NPR in Kansas City
Play Live Radio
Next Up:
Available On Air Stations

30 Years Later: Progress on AIDS but Stigma, Uncertainty Remain

Photo by Elana Gordon
Dr. Michael Gottlieb (L) recently spoke at the Midwest AIDS Training and Education Center Conference in Kansas City. Rose Farnan (R) is a nurse at Truman Medical Center who's been treating patients with HIV in Kansas City since the '80s.

By Elana Gordon

KANSAS CITY, Mo. – 30 years ago this June, Dr. Michael Gottlieb - a physician in Los Angeles - documented the very first cases of HIV/AIDs in the United States. Shortly after that, Rose Farnan - a nurse at Truman Medical Center - began caring for people with HIV/AIDS in Kansas City. Since that time, much has changed in what's known about HIV/AIDS and how it's treated. But both Gottlieb - at a national level - and Farnan - at a local level - remain dedicated to fighting the disease. KCUR's Elana Gordon recently caught up with the two of them. Dr. Gottlieb says he still vividly remembers those initial days of the disease.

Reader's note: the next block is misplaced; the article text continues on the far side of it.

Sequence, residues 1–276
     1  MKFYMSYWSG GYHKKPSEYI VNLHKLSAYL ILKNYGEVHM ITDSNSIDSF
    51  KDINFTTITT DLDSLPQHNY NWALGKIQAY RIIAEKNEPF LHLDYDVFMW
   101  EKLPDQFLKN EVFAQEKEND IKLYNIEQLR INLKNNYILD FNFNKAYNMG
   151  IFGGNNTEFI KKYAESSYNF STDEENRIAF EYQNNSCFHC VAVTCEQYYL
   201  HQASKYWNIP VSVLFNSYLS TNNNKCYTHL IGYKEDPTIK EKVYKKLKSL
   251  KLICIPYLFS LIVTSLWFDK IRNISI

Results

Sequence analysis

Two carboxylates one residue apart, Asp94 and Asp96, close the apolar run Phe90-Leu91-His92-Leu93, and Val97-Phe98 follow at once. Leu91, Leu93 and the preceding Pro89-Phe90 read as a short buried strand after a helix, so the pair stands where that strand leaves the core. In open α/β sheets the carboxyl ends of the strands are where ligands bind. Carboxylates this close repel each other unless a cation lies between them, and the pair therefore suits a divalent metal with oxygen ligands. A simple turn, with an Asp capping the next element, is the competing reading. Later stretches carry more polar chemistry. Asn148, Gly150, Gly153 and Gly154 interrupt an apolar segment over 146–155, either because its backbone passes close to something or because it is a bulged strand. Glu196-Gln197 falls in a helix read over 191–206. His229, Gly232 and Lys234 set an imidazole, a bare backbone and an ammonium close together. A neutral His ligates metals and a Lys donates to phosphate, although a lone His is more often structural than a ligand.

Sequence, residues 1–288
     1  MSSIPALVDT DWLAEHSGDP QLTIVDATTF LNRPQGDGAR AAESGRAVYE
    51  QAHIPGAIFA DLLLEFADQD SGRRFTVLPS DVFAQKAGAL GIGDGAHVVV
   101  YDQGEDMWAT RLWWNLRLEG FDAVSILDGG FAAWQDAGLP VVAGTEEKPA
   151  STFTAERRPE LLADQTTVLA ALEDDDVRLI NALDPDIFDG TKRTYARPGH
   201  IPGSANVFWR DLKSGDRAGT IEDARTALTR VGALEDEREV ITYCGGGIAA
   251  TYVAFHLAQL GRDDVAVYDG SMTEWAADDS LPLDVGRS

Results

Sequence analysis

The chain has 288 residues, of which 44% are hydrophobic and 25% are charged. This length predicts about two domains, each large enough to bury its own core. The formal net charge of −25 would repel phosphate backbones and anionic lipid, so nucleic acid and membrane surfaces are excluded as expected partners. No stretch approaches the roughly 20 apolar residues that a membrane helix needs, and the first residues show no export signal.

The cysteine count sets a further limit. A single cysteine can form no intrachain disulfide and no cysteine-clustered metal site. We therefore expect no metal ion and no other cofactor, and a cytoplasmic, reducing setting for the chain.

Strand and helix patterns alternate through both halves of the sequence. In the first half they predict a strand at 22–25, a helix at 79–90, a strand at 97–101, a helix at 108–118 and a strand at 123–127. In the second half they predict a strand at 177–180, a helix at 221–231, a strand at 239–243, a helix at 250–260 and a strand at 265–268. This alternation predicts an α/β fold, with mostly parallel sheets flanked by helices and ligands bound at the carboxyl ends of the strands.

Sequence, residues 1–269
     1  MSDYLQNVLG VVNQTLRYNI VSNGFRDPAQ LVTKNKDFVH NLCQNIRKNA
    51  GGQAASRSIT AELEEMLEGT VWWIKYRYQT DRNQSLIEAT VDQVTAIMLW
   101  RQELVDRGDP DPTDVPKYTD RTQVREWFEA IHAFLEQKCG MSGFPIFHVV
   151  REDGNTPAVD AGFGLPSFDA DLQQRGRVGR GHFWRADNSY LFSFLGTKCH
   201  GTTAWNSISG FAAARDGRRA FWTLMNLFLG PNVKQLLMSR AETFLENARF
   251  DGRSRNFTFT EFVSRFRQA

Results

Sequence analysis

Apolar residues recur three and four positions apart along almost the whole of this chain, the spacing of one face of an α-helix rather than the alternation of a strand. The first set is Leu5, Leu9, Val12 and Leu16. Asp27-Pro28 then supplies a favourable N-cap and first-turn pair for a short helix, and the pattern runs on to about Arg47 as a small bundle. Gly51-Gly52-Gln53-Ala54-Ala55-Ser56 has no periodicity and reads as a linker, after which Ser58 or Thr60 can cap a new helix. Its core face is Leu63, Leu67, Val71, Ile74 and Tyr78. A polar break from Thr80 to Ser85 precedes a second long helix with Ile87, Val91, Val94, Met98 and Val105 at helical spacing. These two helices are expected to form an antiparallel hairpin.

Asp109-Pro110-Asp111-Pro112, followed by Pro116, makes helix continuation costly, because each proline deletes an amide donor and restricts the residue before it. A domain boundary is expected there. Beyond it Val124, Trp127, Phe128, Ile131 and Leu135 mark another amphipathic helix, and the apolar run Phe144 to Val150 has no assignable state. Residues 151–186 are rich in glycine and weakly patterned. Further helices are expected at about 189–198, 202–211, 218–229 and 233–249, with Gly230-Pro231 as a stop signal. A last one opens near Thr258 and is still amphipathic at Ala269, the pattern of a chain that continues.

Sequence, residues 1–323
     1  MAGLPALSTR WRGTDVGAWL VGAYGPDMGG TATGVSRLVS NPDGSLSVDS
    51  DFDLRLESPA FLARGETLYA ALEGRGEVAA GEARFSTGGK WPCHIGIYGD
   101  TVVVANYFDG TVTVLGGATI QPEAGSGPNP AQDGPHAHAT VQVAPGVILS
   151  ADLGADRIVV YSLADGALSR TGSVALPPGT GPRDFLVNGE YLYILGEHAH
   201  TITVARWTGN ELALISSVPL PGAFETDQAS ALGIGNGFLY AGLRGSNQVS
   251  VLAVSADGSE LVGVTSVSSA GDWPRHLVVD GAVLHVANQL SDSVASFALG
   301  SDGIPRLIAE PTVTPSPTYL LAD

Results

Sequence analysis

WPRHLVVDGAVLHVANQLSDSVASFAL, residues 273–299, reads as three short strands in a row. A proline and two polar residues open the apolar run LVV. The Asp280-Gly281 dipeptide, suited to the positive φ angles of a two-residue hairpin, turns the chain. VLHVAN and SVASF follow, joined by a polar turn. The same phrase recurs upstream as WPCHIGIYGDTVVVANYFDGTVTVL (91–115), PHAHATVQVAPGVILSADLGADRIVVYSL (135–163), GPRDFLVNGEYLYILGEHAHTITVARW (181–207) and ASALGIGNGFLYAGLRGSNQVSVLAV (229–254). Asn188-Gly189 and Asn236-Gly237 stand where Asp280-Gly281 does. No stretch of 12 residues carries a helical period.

Find more Health Coverage on KCUR.

Funding for health care coverage on KCUR has been provided by the Health Care Foundation of Greater Kansas City.

Download recent health stories or subscribe to the KCUR Health Podcast.

Find out what's going on in and around Kansas City, follow @KCURnews on Twitter or become a KCUR fan on Facebook.


KCUR serves the Kansas City region with essential news and information.
Your donation today keeps local journalism strong.